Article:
Jairo García, 29, and Marina Lara, 23, are the parents of Carlota, a four-year-old girl from Vélez-Málaga who spent her birthday in August in Malaga’s Hospital Materno after contracting septicaemia from a streptococcus bacteria.
The nightmare started on 4 August when Carlota started to experience bad gastroenteritis and a high temperature.
Her parents took her to their local doctor, who sent them to the Axarquía hospital in Torre del Mar. From there Carlota was sent to the Materno hospital in Malaga, after being diagnosed with a blood infection.
Carlota has since spent 40 days in the children’s hospital and doctors have said that she will have to have both feet and hands amputated because of the damage caused by microthrombus.
Carlota’s case is identical to that of Sarah Almagro, the teenager from Marbella who lost her hands and feet in 2018. However, Carlota’s parents decided to seek a second opinion for their daughter.
They sought the advice of Dr Ruano, who told the family that Carlota could wait a further 15 days from 4 September, the date that doctors at Malaga’s Materno hospital were initially planning to operate on the little girl.
Jairo and Marina contacted the renowned Dr Pedro Cavadas, who is based in Valencia. In a medical report he told the family that that it would possible for Carlota to keep her four limbs.
“Here they tell us that they need to amputate her right arm and left leg completely, the right foot up to the heel and the fingers of her left hand. Dr Cavadas has explained that she could keep more limbs,”said Jairo, who has a temporary contract at Vélez-Málaga town hall.
“We don’t have any money, we don’t even know how much the operation in Valencia would cost, but just transporting her there would cost 6,000 euros. The stay in hospital would cost 200 euros per day while she is on the ward and in intensive care it would be 600 euros,” he added.
The family has created a Facebook page to raise funds for Carlota. However, they are racing against the clock. “We need to be very mindful that the necrosis could advance towards her open wounds, which could become infected. If that becomes the case then they would have to operate, otherwise her life would be in danger,”Jairo explained.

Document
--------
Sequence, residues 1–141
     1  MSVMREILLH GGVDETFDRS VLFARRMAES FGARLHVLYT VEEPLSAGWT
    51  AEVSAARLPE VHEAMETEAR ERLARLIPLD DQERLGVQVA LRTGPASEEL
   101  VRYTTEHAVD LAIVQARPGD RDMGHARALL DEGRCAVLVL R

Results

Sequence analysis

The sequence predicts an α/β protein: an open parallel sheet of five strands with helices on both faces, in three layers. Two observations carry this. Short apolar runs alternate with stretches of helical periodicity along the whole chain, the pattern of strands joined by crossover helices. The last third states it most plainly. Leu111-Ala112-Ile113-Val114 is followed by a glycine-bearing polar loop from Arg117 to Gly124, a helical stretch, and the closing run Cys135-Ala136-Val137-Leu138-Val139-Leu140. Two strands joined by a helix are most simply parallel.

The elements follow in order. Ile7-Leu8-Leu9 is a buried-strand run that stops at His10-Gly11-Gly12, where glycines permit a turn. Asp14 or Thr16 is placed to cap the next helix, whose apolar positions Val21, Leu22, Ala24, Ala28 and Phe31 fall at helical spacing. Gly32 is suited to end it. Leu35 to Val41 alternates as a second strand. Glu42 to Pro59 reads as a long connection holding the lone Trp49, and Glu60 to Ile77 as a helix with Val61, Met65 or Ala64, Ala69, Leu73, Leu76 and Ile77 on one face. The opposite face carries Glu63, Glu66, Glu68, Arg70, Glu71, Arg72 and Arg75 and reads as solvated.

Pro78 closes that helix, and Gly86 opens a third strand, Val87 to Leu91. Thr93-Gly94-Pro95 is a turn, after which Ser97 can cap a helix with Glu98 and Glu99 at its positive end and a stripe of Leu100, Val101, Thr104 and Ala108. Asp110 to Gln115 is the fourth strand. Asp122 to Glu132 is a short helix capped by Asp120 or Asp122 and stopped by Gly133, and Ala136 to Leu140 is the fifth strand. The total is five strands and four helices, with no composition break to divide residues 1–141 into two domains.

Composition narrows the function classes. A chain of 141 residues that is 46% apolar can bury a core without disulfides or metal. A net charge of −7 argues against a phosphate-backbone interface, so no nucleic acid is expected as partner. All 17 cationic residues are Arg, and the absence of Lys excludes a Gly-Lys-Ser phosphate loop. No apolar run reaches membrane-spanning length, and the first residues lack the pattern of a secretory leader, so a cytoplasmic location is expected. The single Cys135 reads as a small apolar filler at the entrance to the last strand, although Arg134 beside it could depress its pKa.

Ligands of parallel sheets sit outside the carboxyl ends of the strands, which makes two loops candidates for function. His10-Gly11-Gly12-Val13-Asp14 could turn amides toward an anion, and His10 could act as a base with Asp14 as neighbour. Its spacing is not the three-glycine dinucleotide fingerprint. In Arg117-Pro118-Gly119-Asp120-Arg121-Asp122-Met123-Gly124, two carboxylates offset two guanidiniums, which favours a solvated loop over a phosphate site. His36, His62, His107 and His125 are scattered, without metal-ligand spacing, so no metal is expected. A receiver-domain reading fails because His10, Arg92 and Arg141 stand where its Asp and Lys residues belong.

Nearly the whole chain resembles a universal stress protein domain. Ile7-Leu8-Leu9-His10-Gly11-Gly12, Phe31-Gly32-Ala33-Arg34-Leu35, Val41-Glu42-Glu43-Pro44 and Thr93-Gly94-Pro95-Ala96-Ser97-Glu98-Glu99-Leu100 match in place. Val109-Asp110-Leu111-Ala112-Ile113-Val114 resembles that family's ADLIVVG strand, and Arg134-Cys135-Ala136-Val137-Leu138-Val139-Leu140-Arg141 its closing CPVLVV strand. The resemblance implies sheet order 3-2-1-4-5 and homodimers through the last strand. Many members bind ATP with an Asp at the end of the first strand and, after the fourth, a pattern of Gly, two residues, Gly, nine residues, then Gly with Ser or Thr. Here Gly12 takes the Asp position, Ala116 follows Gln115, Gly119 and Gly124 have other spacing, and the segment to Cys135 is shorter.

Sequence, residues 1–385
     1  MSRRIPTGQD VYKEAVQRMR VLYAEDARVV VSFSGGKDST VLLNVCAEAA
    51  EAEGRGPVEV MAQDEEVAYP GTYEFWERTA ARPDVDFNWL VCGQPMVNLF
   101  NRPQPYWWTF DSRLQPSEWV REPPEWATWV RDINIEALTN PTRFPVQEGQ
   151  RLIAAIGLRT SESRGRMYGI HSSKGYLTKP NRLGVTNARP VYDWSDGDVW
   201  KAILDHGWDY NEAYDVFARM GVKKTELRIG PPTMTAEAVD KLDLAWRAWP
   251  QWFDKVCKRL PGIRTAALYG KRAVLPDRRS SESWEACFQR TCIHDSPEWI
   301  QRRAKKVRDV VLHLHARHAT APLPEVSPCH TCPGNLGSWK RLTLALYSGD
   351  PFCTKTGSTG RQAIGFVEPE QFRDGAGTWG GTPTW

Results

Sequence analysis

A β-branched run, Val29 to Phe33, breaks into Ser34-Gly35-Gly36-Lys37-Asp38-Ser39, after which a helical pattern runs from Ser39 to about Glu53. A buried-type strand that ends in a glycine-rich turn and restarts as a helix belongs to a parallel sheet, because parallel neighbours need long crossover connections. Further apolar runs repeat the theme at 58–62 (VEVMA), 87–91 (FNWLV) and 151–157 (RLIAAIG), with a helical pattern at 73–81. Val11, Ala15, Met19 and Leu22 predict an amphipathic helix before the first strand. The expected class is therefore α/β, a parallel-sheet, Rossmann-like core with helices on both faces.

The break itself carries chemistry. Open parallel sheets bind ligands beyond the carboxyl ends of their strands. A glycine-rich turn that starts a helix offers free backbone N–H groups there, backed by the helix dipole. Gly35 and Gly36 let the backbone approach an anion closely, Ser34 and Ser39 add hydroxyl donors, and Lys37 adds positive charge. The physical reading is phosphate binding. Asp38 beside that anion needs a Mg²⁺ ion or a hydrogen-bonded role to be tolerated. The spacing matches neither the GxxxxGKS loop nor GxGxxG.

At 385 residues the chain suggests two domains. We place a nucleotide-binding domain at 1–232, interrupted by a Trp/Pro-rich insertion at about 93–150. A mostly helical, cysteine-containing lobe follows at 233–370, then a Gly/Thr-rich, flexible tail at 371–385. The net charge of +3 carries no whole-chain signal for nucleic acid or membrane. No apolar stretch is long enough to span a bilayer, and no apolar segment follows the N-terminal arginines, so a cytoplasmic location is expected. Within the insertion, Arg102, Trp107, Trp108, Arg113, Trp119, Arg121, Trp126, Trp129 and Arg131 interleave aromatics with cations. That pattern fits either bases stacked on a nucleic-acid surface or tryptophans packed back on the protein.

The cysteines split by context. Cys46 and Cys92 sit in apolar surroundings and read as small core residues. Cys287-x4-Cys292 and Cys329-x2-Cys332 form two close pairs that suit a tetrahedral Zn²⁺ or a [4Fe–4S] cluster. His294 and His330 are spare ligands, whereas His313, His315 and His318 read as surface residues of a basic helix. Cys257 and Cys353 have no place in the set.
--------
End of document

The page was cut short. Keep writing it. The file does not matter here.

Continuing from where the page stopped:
”We know it’s risky, but we want to try it,”he admitted.
Jairo pointed out that the care and attention the family is receiving from the Materno hospital is “fantastic”. He added that they haven’t left Carlota’s side in the hospital’s intensive care unit in the 40 days she has been there and have “hardly slept”.
Jairo explained that at the moment Carlota is “responding well” to treatment and that her organs are working on their own.
Earlier this week they published the bank account details on the Facebook page to receive donations. “We are a humble family and the operation needs to take place in a private hospital with extremely high costs involved, which, as much as we want to, makes it impossible for us to cover the costs.”
Less than 24 hours after the family started the Facebook page they were inundated with support, not just from Malaga, but from across Spain and other countries.
The Hospital Materno Infantil in Malaga has said that the family “has been told that the operation can go ahead with all the guarantees”there.
“In fact, the surgeons have already programmed a date for the operation.” A spokesperson added that this type of intervention “is common” at the hospital and that it has an excellent reputation in this type of surgery.
“Despite this, the medical professionals and hospital management respect the fact that, as with any other patient, this child can go to a different centre to have the operation, which would be undergone under the same conditions as the Materno Infantil,” the hospital went on to say.
The Vélez-Málaga branch of the Partido Popular (PP) political party has called on the town’s residents as well as the town hall to help Carlota’s family economically.
PP spokesperson, Francisco Delgado Bonilla, said that in this type of case, “Citizens can’t be insensitive or indifferent and we all need to help out. And when I say everybody, Imean everybody, from neighbours to the town hall, of course.”